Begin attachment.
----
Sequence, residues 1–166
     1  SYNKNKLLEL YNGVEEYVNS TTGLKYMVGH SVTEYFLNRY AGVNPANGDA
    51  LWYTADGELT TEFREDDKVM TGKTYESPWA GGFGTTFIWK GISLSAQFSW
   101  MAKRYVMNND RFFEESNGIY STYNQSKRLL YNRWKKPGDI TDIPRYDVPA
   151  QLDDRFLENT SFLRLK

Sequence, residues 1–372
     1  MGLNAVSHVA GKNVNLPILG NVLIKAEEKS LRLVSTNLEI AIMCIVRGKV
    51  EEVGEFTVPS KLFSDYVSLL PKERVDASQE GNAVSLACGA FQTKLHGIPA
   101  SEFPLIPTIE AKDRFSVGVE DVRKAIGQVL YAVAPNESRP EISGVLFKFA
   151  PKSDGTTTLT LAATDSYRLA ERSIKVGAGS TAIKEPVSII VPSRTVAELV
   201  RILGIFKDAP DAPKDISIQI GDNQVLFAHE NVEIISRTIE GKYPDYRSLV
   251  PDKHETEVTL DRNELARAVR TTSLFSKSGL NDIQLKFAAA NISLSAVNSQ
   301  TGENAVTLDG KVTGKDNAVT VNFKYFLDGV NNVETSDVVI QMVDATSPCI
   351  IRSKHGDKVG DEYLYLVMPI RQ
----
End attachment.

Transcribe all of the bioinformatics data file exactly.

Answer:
Sequence, residues 1–166
     1  SYNKNKLLEL YNGVEEYVNS TTGLKYMVGH SVTEYFLNRY AGVNPANGDA
    51  LWYTADGELT TEFREDDKVM TGKTYESPWA GGFGTTFIWK GISLSAQFSW
   101  MAKRYVMNND RFFEESNGIY STYNQSKRLL YNRWKKPGDI TDIPRYDVPA
   151  QLDDRFLENT SFLRLK

Sequence, residues 1–372
     1  MGLNAVSHVA GKNVNLPILG NVLIKAEEKS LRLVSTNLEI AIMCIVRGKV
    51  EEVGEFTVPS KLFSDYVSLL PKERVDASQE GNAVSLACGA FQTKLHGIPA
   101  SEFPLIPTIE AKDRFSVGVE DVRKAIGQVL YAVAPNESRP EISGVLFKFA
   151  PKSDGTTTLT LAATDSYRLA ERSIKVGAGS TAIKEPVSII VPSRTVAELV
   201  RILGIFKDAP DAPKDISIQI GDNQVLFAHE NVEIISRTIE GKYPDYRSLV
   251  PDKHETEVTL DRNELARAVR TTSLFSKSGL NDIQLKFAAA NISLSAVNSQ
   301  TGENAVTLDG KVTGKDNAVT VNFKYFLDGV NNVETSDVVI QMVDATSPCI
   351  IRSKHGDKVG DEYLYLVMPI RQ